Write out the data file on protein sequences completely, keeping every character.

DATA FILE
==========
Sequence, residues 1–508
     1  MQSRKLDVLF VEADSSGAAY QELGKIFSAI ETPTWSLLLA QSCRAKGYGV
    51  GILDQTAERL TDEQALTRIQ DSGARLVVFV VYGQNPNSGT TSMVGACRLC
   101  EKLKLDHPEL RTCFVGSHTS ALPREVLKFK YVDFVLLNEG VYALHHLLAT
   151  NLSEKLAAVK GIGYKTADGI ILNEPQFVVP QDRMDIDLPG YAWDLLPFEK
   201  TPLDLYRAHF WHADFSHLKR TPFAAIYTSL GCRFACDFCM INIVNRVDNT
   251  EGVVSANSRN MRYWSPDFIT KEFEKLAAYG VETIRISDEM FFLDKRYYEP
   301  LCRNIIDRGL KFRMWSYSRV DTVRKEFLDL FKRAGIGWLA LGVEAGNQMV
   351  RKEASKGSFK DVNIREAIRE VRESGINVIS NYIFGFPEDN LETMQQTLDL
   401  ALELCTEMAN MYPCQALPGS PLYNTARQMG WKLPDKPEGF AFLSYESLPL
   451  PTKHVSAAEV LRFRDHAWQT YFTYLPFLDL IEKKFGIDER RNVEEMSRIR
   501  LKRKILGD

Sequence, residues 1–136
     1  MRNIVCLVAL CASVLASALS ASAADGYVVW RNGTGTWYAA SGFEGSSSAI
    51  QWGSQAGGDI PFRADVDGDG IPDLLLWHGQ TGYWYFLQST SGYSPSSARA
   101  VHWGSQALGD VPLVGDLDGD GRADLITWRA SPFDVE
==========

Sequence, residues 1–508
     1  MQSRKLDVLF VEADSSGAAY QELGKIFSAI ETPTWSLLLA QSCRAKGYGV
    51  GILDQTAERL TDEQALTRIQ DSGARLVVFV VYGQNPNSGT TSMVGACRLC
   101  EKLKLDHPEL RTCFVGSHTS ALPREVLKFK YVDFVLLNEG VYALHHLLAT
   151  NLSEKLAAVK GIGYKTADGI ILNEPQFVVP QDRMDIDLPG YAWDLLPFEK
   201  TPLDLYRAHF WHADFSHLKR TPFAAIYTSL GCRFACDFCM INIVNRVDNT
   251  EGVVSANSRN MRYWSPDFIT KEFEKLAAYG VETIRISDEM FFLDKRYYEP
   301  LCRNIIDRGL KFRMWSYSRV DTVRKEFLDL FKRAGIGWLA LGVEAGNQMV
   351  RKEASKGSFK DVNIREAIRE VRESGINVIS NYIFGFPEDN LETMQQTLDL
   401  ALELCTEMAN MYPCQALPGS PLYNTARQMG WKLPDKPEGF AFLSYESLPL
   451  PTKHVSAAEV LRFRDHAWQT YFTYLPFLDL IEKKFGIDER RNVEEMSRIR
   501  LKRKILGD

Sequence, residues 1–136
     1  MRNIVCLVAL CASVLASALS ASAADGYVVW RNGTGTWYAA SGFEGSSSAI
    51  QWGSQAGGDI PFRADVDGDG IPDLLLWHGQ TGYWYFLQST SGYSPSSARA
   101  VHWGSQALGD VPLVGDLDGD GRADLITWRA SPFDVE